Diverging time: the politics of modernity in Kant, Hegel, and Marx
Temporal divergence creates a need for new narratives and paradigms. In Diverging Time David Carvounas supports this assertion through detailed expository and diagnostic readings of Kant, Hegel, and Marx. He focuses on their contribution to our understanding of modernity as an epochal shift in the relationship between past and future--recasting the significance of the past and future of the modern present. Despite their different solutions to the problem of temporal coordination, they urged the modern world to look not to the past but to the newly opened future for continuity, meaning, and purpose. This book not only offers a fresh look at a defining characteristic of modernity, but also makes a compelling case that a coherent modern temporal structure requires a sustainable orientation toward the future--an orientation that Kant, Hegel, and Marx delineate in distinctive and powerful ways.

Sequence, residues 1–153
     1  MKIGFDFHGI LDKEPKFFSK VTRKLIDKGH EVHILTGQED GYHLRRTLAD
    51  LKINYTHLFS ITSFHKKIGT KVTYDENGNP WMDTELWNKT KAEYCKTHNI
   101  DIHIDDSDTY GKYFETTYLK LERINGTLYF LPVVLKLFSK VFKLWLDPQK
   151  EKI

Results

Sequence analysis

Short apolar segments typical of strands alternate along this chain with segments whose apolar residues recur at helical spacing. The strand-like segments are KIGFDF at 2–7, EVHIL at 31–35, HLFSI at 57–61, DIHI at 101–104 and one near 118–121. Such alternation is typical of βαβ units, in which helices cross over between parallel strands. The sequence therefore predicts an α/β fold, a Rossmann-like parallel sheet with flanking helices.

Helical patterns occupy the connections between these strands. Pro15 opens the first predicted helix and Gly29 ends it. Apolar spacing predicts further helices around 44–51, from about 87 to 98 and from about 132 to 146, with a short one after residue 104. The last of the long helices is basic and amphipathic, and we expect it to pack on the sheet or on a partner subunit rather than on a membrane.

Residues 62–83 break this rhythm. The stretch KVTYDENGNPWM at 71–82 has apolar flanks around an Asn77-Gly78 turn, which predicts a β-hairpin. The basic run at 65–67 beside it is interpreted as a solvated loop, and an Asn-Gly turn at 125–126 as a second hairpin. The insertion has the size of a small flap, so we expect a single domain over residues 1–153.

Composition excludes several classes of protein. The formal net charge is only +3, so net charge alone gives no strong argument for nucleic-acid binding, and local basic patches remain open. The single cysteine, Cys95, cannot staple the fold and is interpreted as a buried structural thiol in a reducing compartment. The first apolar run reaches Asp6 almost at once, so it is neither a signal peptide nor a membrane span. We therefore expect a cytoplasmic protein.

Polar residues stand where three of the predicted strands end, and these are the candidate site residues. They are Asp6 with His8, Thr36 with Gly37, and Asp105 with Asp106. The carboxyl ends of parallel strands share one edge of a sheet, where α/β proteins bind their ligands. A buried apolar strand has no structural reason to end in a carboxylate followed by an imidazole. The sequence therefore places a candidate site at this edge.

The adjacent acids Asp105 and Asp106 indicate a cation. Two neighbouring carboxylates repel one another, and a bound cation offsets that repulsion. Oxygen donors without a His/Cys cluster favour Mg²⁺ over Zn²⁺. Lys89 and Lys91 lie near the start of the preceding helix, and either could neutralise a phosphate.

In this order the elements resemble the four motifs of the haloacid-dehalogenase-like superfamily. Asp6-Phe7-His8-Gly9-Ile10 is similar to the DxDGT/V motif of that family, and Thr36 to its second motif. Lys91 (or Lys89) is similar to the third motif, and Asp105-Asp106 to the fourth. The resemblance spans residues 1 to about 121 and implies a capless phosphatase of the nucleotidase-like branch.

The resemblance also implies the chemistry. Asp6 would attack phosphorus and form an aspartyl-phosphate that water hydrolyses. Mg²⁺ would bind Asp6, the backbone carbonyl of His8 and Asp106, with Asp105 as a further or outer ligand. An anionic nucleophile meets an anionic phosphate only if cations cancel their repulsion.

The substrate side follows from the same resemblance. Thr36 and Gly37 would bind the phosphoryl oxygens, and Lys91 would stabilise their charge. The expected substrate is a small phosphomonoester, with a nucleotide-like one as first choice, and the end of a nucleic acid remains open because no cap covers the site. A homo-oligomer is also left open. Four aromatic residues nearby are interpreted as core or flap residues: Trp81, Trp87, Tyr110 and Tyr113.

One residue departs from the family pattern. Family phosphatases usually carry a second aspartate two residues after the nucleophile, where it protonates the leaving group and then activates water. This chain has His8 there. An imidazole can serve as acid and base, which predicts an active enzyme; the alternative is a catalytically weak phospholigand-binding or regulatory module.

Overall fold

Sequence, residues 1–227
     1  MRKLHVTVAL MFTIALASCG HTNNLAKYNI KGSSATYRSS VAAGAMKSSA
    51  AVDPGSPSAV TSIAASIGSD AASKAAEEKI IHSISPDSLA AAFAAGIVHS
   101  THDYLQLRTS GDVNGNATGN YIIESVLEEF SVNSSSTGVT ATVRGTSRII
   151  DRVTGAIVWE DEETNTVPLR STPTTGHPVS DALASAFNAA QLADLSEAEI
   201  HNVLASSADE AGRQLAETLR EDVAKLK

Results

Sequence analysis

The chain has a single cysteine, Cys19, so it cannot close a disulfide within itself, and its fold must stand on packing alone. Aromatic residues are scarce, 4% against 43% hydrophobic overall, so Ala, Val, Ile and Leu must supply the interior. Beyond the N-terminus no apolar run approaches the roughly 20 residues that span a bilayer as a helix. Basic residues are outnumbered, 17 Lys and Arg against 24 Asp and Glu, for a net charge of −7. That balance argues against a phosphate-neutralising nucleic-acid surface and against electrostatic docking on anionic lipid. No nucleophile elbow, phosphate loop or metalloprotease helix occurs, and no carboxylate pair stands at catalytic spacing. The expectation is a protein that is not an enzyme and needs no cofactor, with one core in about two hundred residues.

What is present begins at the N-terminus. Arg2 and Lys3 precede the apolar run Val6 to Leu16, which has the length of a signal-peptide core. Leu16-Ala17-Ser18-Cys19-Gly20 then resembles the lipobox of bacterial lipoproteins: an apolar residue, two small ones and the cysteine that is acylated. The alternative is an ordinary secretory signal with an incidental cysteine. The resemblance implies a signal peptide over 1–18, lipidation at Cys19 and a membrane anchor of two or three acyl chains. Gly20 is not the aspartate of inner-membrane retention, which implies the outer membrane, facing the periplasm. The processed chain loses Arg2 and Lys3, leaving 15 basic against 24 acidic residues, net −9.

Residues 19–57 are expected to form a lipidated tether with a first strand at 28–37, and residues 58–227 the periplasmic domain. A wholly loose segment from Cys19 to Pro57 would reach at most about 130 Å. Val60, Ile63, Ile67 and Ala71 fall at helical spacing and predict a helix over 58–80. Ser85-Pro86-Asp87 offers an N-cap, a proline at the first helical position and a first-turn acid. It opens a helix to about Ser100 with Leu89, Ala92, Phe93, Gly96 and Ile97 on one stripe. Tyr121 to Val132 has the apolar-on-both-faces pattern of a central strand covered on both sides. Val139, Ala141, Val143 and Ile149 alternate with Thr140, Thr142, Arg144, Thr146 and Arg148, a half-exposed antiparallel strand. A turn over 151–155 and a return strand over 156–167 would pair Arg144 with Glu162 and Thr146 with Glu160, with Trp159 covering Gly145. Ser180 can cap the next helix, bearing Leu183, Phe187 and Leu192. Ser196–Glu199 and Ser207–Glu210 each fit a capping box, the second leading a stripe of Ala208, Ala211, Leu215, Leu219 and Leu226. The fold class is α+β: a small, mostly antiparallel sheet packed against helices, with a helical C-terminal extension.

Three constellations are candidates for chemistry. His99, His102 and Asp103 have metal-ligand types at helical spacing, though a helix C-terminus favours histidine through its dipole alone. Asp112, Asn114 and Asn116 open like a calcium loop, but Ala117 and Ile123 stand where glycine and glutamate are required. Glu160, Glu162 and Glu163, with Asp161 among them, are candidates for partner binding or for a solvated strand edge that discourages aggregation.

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activity age of enlightenment alienation ancient Aristotle become better future bourgeois bourgeoisie Burke Cambridge University Press civil society class conflict class struggle Communist Party consciousness considered Contest of Faculties critique dialectical emergence Enlightenment epoch ethical existence expectations French Revolution future orientation future-oriented German Ideology Habermas Hegel Hegel's philosophy Hegelian historians historical change historical development Hobbes human history idea of progress ideal individual interpretation Kant Kant's Karl Marx Koselleck labor Lectures Louis Bonaparte Manifesto Marx and Engels Marx's Medieval modern age modern present modern temporality modern world moral Moreover nation nature objective Paris Notebooks past and future perspective Phenomenology of Spirit philosophy of history Philosophy of Right Philosophy of World political philosophy Political Writings possible premodern principle productive forces radical reality reflective Revolution revolutionary sense social specific temporal coordination theory Tocqueville tradition trans transformation understanding Universal History utopian socialists utopian thought vision World History York